Sunday, February 5, 2017

Burdens Of Life: A Story

So there I was, wallowing in sorrow about something that was beyond control. But work needs to be done, people need their daily bread, terrorists need to be stopped - you gotta do what you gotta do, and so you keep going at whatever it is you are after.

Sitting in one corner of the pantry trying to shut shop early on a cold Friday afternoon. And she calls out surprised in barely understandable English, "This is expired... This should go into trash!"

I looked up. Redhead. Barely 5 feet tall. Pretty face, surprised like a little child that someone would actually waste food.

Cute, petite, and quite attractive for a mother of three kids - a 16 year old boy, a 10 year old daughter, and another 6 year old girl. Smiling face, clear skin, and lovely eyes.

Lovely eyes that were dressed in kohl that had a depth to them. One extra second of peering into those depths, and you'd see pain. A strength fueled by that pain, and a few layers underneath, a heart with something worth dying for.

I can't recall now how we got to talking to each other, but I presume she heard me thank somebody for always keeping a blushy-smiley face. She comes over and starts chatting using some Spanish-laden English and some Google Translate, about how her 10 year-old daughter was diagnosed with cancer back home in South America and her husband left her and the children to fend for themselves after that. How she wanted to give her sick child a chance to fight back and how it brought her to America a few years ago. She then showed me pictures of her girl, hip length dark hair, all grown back after the chemotherapy. Smiling as if nothing ever happened. Lisa said her daughter wants to be a doctor when she grows up. A beautiful picture of her teenager son hugging her tight who has promised her that he will never leave her like his daddy did.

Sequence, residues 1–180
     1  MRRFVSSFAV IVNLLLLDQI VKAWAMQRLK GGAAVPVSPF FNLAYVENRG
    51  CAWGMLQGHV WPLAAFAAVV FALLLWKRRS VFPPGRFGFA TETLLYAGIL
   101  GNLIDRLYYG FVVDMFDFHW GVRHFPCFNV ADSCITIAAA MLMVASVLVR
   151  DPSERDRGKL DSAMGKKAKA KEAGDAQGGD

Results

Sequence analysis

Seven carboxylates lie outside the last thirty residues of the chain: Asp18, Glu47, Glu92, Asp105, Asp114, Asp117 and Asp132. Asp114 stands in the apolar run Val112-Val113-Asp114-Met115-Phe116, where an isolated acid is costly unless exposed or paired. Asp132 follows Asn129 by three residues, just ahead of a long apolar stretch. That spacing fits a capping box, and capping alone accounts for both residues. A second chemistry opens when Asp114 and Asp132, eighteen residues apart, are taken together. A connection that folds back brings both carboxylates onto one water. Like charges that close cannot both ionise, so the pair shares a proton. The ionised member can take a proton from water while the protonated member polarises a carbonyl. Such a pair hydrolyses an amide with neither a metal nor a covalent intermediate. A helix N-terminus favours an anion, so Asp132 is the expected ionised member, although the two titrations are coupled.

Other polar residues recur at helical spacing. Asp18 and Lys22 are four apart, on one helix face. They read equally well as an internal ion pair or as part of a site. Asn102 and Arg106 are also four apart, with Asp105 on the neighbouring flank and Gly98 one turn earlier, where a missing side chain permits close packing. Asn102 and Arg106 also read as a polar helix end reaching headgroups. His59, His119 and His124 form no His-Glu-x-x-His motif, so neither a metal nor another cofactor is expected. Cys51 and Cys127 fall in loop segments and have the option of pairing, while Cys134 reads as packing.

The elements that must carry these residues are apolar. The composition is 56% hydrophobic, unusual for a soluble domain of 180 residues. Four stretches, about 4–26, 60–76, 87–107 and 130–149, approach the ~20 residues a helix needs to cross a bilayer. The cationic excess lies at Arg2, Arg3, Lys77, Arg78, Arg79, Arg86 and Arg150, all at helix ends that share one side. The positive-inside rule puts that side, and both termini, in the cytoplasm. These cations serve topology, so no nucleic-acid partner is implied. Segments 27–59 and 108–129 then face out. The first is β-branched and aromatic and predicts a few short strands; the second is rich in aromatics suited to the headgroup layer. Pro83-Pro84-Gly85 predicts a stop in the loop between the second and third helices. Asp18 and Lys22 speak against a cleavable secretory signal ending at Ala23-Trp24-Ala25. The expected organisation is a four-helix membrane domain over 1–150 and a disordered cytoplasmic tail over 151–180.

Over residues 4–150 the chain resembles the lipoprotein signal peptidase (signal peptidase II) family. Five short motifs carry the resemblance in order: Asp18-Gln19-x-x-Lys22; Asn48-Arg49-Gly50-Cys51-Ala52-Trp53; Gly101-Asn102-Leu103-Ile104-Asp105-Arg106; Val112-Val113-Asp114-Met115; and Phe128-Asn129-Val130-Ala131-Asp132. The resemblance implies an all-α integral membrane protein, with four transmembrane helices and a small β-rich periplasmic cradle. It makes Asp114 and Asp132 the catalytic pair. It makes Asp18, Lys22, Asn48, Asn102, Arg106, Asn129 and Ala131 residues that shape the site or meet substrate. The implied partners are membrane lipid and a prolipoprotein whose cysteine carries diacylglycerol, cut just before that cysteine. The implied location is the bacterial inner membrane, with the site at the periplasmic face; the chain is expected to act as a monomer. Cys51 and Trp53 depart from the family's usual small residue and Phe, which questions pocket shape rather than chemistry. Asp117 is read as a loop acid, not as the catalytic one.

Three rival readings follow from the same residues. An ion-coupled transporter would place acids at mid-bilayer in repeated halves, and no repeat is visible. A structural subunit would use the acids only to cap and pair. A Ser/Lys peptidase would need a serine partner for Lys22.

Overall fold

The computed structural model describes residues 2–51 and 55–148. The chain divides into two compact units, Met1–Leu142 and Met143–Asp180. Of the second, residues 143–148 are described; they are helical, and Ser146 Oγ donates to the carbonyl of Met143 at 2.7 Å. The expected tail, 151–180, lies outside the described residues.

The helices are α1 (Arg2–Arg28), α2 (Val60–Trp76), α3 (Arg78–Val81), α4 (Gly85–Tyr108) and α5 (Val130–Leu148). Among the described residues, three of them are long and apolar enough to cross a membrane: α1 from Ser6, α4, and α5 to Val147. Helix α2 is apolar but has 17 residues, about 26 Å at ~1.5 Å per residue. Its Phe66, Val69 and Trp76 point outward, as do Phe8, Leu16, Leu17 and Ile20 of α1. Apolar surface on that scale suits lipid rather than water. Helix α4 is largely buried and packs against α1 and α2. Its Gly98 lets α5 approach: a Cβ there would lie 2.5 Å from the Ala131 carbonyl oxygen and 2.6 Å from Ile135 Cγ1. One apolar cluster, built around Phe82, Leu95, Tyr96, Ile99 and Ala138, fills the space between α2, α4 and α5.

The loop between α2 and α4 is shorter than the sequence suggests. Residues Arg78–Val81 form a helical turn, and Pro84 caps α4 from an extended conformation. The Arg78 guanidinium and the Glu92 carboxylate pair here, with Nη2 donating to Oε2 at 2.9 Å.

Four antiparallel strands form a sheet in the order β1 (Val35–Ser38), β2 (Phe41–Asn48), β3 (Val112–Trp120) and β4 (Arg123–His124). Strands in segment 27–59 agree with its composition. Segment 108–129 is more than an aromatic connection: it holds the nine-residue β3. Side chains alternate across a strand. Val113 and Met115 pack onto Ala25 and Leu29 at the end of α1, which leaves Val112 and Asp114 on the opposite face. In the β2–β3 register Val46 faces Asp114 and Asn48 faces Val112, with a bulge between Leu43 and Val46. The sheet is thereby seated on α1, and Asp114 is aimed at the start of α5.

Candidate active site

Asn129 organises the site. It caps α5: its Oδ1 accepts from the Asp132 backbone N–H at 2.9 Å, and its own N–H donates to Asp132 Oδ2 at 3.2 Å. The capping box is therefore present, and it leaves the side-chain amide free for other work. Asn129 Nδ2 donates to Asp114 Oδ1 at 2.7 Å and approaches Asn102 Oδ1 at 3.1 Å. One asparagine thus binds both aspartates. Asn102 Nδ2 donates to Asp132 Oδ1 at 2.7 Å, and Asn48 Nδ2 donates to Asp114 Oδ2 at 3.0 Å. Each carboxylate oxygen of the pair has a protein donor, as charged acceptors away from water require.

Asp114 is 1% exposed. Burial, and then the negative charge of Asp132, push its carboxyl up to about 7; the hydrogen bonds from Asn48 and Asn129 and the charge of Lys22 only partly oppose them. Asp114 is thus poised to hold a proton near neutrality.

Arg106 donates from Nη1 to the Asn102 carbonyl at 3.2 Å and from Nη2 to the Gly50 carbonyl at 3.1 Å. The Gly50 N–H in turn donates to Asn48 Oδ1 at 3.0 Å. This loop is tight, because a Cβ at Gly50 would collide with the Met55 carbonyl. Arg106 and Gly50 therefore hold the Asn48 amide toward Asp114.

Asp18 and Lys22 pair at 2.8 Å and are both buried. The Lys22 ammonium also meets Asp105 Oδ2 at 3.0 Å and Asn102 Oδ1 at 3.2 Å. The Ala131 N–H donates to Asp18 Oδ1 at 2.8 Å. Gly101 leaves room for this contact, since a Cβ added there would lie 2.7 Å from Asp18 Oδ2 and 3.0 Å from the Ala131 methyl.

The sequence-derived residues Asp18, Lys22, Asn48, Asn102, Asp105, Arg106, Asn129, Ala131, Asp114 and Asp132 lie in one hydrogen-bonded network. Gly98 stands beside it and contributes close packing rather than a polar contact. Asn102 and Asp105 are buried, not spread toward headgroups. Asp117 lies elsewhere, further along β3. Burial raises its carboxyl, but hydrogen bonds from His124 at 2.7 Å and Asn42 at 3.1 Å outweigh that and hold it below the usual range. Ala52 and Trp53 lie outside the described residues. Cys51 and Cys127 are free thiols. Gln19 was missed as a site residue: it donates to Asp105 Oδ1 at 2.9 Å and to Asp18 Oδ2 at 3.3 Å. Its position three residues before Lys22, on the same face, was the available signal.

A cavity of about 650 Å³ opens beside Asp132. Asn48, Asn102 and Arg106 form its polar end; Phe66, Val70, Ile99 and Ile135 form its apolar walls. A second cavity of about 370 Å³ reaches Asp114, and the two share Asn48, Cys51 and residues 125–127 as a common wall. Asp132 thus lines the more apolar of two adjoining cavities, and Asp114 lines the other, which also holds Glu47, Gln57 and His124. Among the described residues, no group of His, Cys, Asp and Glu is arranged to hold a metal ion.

I tell her, teary eyed, happy and grateful, "Lisa, you are a great mother and you have a very beautiful smile." 

I swear she does have a very sweet smile. She practically half blushes each time she smiles.

She is a janitor and doesn't make as much as most of us corporate professionals do. She has a bigger heart and a stronger will than most of us do. She has seen more than many of us, yet has not forgotten how to smile and blush. She has still not lost her innocence and child-like curiosity.

And we think we have problems.

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